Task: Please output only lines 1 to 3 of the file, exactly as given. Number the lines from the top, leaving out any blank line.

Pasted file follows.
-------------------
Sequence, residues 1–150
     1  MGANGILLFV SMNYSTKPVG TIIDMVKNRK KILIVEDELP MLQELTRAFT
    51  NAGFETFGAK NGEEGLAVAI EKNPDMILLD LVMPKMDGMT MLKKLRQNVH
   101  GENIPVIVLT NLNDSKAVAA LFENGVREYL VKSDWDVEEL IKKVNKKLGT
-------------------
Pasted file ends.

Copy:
Sequence, residues 1–150
     1  MGANGILLFV SMNYSTKPVG TIIDMVKNRK KILIVEDELP MLQELTRAFT
    51  NAGFETFGAK NGEEGLAVAI EKNPDMILLD LVMPKMDGMT MLKKLRQNVH